“Which Dolphins cheerleader is your favorite?”
Even in the big, bad world of politics football gets some love. Or at least it does from Senator Rubio. The good Senator from Florida took some time away from the political inquisition to toss around a football and answer America’s most pressing questions.
Super Bowl pick? And what about his Super Bowl pick percentage? What made him more nervous, his first presidential debate or first college football game? What Senator would make the best NFL player?
Far from an armchair quarter back, Rubio played on a football scholarship to Tarkio College. He also routinely flew back to Florida to coach his son’s youth team.
Rubio’s football prowess has made for some unorthodox presidential campaign headlines. Like the time he threw this perfect pass to an unprepared wee one:
Marco Rubio hitting the kid in the face with the football is even better as a GIF pic.twitter.com/FLpnHz0un0
— Chris Moody (@moody) August 18, 2015
In The Complete History of Marco Rubio and Football, Gideon Resnick recounts the Junior Senator’s long-time relationship with one of America’s greatest sports:
Throughout his political career, Rubio, who is married to a former Miami Dolphins cheerleader, hasn’t kept his love of football a secret from anyone. His YouTube account showcased a video in 2013 in which he is being praised for flying down from Washington, D.C. to coach his sons in youth football games.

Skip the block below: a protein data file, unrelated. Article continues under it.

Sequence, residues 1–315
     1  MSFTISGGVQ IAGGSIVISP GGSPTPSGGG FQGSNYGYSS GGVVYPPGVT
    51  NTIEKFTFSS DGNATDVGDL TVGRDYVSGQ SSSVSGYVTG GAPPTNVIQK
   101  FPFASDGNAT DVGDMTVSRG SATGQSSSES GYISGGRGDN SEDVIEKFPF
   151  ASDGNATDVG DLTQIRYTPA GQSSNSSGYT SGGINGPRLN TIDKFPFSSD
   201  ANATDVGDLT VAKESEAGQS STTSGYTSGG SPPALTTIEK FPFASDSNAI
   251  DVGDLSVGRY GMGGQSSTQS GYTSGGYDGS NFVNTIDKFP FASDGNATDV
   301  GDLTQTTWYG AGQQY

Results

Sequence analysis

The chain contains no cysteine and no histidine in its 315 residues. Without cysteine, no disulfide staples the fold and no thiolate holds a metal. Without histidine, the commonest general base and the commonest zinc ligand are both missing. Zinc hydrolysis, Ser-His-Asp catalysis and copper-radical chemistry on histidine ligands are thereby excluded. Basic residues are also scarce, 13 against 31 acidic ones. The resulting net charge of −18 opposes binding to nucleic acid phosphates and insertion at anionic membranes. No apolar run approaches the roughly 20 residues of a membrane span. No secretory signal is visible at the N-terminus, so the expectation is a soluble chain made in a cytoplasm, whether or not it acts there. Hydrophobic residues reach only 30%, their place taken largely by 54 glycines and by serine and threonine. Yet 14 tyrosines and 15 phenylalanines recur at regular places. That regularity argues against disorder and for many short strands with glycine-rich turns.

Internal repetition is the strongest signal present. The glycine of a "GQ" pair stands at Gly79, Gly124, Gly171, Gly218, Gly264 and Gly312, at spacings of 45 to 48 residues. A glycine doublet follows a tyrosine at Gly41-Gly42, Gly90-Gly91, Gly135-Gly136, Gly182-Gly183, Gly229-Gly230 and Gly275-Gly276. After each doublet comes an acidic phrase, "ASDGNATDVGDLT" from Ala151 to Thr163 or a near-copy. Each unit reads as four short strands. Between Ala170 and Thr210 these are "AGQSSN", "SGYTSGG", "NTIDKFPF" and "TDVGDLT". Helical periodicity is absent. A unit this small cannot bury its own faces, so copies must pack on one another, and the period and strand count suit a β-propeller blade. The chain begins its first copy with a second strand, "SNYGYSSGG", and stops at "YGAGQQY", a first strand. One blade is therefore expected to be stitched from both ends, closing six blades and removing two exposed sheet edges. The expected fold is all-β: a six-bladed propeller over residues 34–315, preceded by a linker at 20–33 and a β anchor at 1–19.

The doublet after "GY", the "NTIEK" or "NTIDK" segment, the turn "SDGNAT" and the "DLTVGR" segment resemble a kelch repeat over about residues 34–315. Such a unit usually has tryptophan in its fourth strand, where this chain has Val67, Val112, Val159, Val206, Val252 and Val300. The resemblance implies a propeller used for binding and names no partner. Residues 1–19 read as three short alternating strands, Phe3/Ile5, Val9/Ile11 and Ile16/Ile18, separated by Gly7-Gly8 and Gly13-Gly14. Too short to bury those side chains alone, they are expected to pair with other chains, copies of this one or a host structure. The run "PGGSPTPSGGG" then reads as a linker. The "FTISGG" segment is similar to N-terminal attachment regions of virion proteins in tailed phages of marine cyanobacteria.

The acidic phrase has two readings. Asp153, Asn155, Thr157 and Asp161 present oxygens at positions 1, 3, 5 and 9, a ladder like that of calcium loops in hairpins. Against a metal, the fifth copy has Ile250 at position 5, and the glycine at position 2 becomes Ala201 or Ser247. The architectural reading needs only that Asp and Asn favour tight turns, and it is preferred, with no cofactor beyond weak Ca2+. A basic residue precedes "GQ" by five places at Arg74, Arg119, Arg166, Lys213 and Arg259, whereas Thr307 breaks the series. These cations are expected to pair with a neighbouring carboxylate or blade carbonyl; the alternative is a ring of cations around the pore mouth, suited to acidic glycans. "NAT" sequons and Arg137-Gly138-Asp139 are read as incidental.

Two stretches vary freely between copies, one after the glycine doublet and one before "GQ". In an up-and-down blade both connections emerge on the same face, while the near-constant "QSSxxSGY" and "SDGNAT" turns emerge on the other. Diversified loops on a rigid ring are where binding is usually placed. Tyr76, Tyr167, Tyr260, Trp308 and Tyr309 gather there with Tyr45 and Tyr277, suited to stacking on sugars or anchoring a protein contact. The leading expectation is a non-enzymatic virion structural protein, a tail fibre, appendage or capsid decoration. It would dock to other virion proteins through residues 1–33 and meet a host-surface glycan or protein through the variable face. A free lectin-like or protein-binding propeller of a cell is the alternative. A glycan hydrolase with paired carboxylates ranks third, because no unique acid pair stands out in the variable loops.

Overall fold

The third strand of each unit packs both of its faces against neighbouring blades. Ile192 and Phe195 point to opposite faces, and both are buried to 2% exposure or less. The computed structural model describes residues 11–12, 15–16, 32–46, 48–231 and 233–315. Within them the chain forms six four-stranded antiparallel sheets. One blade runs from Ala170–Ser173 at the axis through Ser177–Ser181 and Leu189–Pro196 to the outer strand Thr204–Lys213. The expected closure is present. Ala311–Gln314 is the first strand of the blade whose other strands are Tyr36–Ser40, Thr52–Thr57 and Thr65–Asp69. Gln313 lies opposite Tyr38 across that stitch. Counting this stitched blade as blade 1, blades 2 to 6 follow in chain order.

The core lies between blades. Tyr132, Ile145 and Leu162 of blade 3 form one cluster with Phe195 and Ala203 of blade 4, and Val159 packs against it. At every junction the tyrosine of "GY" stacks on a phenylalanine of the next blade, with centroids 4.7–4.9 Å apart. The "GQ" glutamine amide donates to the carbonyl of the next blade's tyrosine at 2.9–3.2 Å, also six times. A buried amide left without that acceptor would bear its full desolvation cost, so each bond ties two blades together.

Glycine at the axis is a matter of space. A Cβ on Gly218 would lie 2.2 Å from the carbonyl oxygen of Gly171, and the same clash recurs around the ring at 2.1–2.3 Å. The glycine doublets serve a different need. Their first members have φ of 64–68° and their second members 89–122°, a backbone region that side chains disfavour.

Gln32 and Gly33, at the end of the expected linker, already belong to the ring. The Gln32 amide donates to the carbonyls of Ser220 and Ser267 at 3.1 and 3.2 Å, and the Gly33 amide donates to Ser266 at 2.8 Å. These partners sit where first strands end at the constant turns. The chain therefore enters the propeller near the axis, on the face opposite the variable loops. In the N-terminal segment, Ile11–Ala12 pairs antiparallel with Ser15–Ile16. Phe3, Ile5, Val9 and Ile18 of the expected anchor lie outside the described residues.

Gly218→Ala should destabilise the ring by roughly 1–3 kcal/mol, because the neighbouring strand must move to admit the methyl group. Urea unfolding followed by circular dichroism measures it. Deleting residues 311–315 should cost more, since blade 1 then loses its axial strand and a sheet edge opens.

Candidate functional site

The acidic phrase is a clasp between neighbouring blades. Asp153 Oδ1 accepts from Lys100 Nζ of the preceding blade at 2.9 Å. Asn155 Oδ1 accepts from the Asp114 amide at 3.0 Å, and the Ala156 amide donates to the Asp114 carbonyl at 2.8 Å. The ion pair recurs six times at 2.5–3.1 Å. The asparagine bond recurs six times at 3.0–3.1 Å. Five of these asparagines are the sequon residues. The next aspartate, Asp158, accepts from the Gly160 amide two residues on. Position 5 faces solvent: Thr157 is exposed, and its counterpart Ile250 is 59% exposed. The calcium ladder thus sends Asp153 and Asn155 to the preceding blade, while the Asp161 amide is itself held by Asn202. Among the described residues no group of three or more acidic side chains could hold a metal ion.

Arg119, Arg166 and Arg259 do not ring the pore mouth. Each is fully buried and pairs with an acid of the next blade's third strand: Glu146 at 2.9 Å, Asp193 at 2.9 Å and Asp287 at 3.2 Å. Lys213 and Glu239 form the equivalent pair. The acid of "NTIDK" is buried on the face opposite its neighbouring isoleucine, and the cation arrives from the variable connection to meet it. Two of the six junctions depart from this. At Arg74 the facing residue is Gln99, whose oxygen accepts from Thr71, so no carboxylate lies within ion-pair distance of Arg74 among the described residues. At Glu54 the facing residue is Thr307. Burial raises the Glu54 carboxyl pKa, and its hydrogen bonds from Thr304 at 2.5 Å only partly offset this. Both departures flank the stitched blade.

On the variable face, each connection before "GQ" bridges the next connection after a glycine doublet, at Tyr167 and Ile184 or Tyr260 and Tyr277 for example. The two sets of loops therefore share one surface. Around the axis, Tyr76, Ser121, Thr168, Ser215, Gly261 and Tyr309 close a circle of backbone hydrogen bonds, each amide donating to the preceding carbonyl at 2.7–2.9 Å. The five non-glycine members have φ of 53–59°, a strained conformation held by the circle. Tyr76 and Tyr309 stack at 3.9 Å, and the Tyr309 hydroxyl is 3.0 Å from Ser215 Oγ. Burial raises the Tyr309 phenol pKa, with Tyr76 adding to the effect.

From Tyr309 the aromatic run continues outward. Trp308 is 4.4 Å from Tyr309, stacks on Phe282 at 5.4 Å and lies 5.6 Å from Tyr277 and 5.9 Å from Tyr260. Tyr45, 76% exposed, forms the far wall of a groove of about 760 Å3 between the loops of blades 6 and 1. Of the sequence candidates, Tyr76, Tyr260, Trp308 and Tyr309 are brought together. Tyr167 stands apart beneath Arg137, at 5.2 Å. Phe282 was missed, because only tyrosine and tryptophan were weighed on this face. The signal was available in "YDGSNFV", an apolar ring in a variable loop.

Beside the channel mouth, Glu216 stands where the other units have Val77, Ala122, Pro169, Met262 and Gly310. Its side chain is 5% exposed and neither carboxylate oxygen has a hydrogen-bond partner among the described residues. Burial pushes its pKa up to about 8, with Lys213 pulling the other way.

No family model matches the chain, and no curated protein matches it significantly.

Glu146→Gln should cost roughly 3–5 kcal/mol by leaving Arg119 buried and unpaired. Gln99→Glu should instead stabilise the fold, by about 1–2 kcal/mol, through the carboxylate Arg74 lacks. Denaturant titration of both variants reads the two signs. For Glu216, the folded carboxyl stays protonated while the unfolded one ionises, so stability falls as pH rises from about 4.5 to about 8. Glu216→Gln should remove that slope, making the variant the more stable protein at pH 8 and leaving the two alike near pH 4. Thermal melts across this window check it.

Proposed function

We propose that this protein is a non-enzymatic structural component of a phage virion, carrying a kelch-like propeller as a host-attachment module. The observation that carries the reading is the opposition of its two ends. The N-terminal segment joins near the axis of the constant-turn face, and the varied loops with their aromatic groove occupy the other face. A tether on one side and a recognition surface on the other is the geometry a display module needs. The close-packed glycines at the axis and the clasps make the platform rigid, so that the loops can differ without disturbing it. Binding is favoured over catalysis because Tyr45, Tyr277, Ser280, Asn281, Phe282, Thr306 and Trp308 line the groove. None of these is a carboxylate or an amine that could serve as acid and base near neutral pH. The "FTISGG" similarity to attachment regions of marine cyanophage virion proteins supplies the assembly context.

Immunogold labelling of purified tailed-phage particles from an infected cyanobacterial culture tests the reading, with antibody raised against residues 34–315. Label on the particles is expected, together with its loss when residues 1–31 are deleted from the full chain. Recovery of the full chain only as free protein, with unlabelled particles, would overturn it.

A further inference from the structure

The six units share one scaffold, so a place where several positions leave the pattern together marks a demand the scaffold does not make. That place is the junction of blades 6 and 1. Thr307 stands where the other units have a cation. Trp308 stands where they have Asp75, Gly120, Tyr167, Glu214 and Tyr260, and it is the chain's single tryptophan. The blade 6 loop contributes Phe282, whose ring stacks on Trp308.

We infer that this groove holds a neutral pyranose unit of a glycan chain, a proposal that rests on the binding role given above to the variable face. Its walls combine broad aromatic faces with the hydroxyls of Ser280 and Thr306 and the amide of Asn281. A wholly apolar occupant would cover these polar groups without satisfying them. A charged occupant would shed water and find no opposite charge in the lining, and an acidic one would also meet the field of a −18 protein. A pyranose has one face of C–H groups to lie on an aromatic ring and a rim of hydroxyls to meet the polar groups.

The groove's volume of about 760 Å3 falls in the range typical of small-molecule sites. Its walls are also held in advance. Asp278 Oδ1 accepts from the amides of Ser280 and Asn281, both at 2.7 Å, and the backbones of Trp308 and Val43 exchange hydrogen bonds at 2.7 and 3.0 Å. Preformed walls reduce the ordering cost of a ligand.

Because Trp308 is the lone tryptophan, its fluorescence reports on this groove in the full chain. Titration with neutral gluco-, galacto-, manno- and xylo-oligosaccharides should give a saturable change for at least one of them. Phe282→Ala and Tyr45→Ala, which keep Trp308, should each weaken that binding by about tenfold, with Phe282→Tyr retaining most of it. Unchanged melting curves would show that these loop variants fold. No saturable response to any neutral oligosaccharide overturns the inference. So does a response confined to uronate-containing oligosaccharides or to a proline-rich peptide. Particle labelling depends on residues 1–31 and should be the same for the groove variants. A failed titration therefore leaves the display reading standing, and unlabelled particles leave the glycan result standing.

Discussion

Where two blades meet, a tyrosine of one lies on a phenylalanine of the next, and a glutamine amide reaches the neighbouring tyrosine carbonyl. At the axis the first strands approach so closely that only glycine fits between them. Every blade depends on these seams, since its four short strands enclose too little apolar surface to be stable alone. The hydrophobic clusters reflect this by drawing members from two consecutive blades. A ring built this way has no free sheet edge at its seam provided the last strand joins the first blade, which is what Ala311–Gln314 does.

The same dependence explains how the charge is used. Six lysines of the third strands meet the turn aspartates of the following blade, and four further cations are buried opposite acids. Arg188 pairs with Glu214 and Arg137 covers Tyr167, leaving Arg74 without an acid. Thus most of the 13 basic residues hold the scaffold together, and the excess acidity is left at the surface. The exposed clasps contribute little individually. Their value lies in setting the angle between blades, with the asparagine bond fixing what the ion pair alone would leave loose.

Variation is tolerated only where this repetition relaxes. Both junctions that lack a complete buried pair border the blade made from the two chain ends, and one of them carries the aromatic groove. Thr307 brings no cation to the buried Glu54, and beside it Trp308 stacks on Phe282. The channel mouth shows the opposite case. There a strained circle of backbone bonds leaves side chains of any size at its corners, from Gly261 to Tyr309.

Rubio also claimed that, unlike President Obama, he’d never keep his sons from playing football. After all, he isn’t too damaged from his own days on the high school gridiron.
“When I played and when most people here played tackle football, you actually were taught to hit with your head,” the senator said in a 2013 interview with BuzzFeed. And while he acknowledged the inherent problems with professional football collisions, he wasn’t interested in dealing with it legislatively, as Senator McCain has tried.
Before he got to the Senate, however, Rubio had a habit of mixing business (politics) and pleasure (football). In 2006 Rubio caught passes from former Miami Dolphins quarterback Dan Marino inside the Florida House. “Representative Rubio’s fingers are broken,” Florida House Speaker Allan Bense joked at the time.
But the best advice Rubio has for the kids he coaches? “Always have fun.”
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